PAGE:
Isaiah 6 is strategically located between 1-5 and 7-12

Isaiah 1-5 raises a serious problem. Sinful, arrogant Israel is going to be the holy people of God to whom the nations will come to learn of God (Isa 2:1-4; 43:8-14; 49:5-6; Ezek 36:22-38). But how can this be? Isaiah 6 provides the solution. Sinful Israel can become servant Israel when the experience of Isaiah becomes the experience of the nation. When the nation has seen itself against the backdrop of God's holiness and glory, when the nation has received God's gracious provision for sin, then she can speak for God to a hungry world. (Ch. 60-66 follow immediately upon the promise of 59:21.) If ever Isaiah's experience should be duplicated on a national scale, then the promises of Isa 1:16-19; 2:1-4; 4:2-6 could be experienced.

Isaiah 6 is not merely the conclusion of ch.1-5. One of the marks of the book's style seems to be its smooth transitions, so smooth that it is frequently difficult to decide whether an element is the final one in the preceding segment or the initial one in the following. For just as ch.6 is the conclusion to ch.1-5, it is also the introduction to ch.7-12. In a real sense the, ch.7-12 are a fulfillment and an explication of the word given to Isaiah in his call--the hardening impact of Isaiah's gracious invitation to trust. In a real sense the destruction coming to Judah from Assyria's hand toward the end of the 8th century B.C. is caused by Ahaz's refusal of Isaiah's invitation (8:6-8; 6:11-12).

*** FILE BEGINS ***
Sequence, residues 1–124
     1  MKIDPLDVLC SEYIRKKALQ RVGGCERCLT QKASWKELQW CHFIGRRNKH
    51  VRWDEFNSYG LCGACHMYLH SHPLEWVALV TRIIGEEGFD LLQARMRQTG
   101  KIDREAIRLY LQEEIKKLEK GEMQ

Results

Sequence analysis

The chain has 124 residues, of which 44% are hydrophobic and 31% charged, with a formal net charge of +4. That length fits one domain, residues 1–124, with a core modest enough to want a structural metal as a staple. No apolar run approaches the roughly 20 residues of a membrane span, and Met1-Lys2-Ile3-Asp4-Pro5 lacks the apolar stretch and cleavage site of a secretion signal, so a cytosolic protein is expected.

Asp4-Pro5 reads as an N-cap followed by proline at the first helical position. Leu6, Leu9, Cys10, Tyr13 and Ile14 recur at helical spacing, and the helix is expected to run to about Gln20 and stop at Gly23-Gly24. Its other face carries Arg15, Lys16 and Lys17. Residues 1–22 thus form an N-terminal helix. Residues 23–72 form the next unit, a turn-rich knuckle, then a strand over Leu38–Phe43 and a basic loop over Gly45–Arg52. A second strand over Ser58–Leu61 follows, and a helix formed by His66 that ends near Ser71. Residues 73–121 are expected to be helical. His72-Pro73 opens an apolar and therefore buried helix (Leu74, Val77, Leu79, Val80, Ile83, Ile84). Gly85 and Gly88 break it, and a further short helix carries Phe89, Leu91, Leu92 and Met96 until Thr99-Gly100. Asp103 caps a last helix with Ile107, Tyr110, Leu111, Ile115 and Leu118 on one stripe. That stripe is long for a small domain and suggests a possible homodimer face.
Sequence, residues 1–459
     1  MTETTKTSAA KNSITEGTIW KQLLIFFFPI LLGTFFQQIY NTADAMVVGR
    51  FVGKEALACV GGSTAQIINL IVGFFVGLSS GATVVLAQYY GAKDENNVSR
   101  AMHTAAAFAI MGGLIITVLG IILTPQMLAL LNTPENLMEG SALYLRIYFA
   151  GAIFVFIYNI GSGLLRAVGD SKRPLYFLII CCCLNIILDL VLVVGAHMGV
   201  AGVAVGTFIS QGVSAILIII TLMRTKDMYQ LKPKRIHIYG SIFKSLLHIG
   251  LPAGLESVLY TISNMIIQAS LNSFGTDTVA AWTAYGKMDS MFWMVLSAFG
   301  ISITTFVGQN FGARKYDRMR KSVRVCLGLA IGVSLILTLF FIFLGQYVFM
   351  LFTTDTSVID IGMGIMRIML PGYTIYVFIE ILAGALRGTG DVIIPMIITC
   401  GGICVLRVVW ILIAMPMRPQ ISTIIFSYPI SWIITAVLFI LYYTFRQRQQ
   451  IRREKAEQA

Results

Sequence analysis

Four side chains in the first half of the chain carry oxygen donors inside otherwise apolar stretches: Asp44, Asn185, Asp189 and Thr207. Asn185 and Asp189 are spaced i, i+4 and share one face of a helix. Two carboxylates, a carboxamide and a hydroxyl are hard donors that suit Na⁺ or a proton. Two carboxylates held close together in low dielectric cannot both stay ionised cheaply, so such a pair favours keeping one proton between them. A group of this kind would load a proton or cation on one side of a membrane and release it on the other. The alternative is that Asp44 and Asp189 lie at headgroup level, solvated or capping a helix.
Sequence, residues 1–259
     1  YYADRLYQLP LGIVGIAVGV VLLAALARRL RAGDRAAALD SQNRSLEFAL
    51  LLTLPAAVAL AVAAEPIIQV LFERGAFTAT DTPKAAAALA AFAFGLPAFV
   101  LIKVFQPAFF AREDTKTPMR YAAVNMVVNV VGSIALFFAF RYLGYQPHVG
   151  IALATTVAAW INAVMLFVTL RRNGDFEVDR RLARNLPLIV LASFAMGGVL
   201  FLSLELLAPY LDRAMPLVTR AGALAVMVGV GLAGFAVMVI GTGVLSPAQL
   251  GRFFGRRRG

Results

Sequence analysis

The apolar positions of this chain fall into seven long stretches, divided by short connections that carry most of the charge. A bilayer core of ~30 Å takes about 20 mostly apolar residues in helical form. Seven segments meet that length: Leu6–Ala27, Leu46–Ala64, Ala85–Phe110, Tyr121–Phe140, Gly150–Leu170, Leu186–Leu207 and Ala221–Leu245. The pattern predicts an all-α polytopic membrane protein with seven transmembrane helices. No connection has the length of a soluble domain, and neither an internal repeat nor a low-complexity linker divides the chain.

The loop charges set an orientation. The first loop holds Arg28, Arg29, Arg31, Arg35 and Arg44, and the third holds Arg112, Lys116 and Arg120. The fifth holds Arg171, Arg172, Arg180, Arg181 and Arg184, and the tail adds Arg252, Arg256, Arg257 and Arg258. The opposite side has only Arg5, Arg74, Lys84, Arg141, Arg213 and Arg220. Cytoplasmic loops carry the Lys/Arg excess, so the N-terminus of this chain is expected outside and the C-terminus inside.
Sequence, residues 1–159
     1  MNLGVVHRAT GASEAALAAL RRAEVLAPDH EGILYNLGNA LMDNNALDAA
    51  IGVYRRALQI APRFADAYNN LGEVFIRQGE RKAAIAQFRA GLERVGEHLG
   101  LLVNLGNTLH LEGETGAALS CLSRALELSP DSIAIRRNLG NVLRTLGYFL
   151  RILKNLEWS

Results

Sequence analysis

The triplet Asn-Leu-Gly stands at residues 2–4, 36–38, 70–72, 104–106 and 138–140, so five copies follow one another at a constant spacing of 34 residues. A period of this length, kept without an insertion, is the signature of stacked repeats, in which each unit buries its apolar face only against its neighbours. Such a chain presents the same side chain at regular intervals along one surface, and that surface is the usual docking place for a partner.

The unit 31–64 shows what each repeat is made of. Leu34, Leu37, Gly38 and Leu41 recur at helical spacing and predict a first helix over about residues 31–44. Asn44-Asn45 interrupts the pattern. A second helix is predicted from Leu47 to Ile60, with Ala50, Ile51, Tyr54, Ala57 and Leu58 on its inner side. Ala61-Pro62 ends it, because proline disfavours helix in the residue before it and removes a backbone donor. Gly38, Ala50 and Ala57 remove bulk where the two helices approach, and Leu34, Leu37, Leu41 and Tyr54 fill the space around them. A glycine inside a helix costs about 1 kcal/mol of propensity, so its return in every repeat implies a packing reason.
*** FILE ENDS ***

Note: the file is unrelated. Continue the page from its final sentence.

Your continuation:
So it is impossible to link Isaiah 6 solely to ch.1-5 or solely to ch.7-12. It functions with both sections, both showing the way of hope for the future (ch1-5) and explaining the present situation (ch.7-12). It is a genuinely strategic chapter, shaping and defining the book as a whole.

The vision of 6:1-8 is clearly fundamental to the entire course of Isaiah's ministry and to the shape of his book. When Isaiah saw the Sovereign, he saw him in such a way as to change the shape of the rest of his life. The glory, majesty, holiness and the righteousness of God became the ruling concepts of his ministry. It also explains Isaiah's contempt for, and horror of, any kind of national or individual life which did not pay adequate attention to the one God.
The Book of Isaiah, Chapters 1-39 (p. 174-176) by John N. Oswalt.